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This activity requires 30-45 minutes.


Participants share their experiences as students, exploring different ways people are made to feel "included" in and "excluded" from the learning process. Topics emerging from this activity include (1) the range of learning styles and needs in any group of people, (2) the importance of reflective practice and understanding one's own socialization, and (3) the power teachers have through both implicit and explicit actions.


Divide participants into small groups of four or five.


  1. Ask participants to do a five-minute free write based on two prompts: (1) Recall a time from your own schooling when you felt especially included, engaged, appreciated, and validated in the learning process; and (2) Recall a situation when you felt especially excluded, alienated, and invalidated from the learning process. Without being too directive, let students know that the reasons for their feelings of inclusion and exclusion could vary broadly, from the way a certain teacher taught to a lack of feelings of support to social reasons.

  2. In their small groups, ask participants to share the parts of their stories they feel comfortable sharing. Once everybody has shared both stores, ask them to reflect upon the similarities and differences in their stories.
  3. Return students to the big group and ask a few people to share their stories with the whole class.

  4. Request a volunteer to record brief notes about both categories of stories. (What makes students feel included? What makes them feel excluded?)

  5. Facilitate a discussion about the notes, examining consistencies and differences in individuals' stories and learning needs. Often I ask participants how many of them found it easy to recall both an inclusion and an exclusion story. Most participants respond that it was easy. This allows me to make the point that we, as teachers, have tremendous power--that even when we don't intend to do something wrong, we might do something that has a lifelong impact on one of our students. This is why developing reflective practice skills is critical to anybody committed to educational equity. Other sample questions to guide the conversation:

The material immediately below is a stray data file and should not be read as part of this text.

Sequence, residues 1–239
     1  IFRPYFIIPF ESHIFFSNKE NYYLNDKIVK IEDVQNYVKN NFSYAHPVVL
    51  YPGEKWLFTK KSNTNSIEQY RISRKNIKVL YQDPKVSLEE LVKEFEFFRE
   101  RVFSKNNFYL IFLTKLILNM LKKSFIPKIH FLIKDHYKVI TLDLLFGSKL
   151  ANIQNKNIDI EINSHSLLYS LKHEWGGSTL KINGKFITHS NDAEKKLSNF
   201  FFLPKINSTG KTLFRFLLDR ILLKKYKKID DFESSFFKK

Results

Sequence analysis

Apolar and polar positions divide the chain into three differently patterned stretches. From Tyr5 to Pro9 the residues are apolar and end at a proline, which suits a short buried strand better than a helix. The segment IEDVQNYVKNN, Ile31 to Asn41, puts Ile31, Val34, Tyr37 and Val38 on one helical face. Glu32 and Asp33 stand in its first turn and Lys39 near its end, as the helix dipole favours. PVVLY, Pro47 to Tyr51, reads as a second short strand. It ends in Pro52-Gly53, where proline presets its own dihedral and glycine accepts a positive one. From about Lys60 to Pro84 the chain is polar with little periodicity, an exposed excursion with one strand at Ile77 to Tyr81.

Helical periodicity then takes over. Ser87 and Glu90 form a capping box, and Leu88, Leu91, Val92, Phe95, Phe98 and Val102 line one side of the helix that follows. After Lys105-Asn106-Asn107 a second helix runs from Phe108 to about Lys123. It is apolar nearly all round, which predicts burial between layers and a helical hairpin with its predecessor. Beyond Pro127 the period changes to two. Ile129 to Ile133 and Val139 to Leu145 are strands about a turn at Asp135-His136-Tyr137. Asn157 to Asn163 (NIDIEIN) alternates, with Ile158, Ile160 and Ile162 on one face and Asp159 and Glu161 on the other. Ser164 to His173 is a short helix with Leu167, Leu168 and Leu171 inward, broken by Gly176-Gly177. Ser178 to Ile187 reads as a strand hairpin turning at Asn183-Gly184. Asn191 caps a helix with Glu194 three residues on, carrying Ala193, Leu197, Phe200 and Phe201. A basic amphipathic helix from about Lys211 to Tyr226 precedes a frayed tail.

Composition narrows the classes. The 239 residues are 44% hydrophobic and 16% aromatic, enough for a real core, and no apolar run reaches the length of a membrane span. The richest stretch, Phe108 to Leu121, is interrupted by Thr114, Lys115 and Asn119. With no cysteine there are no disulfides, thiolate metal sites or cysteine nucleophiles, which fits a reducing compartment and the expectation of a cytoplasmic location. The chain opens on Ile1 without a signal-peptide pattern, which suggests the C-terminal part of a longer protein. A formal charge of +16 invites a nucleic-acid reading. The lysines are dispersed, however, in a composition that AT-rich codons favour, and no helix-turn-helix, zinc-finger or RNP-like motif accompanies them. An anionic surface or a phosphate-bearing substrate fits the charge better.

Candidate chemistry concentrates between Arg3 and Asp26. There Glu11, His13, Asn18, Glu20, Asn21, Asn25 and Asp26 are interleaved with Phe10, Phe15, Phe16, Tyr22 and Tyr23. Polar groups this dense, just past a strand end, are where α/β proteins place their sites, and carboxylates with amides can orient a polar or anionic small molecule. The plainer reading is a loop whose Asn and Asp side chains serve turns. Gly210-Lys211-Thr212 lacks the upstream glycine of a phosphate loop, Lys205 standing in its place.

• What similarities do you observe among the situations in which people felt especially included in a learning process?
    • What consistencies do you notice in the situations in which people felt excluded?
    • Knowing that we have students with various needs and learning styles, what can we do to ensure we are including, engaging, and validating all learners?

Facilitator Notes:

It is always important when activities call for participants to share their own stories and make themselves vulnerable to remind the group about active listening. Consider starting the activity by sharing your own set of stories to ease the tension.

This activity provides a perfect opportunity to challenge teachers to reexamine their own teaching practices. Challenge them to think about their own teaching as they engage in this activity and hear each other's stories. You might even reframe this activity to have teachers consider ways in which they unintentionally realized they were alienating or excluding one or more students.

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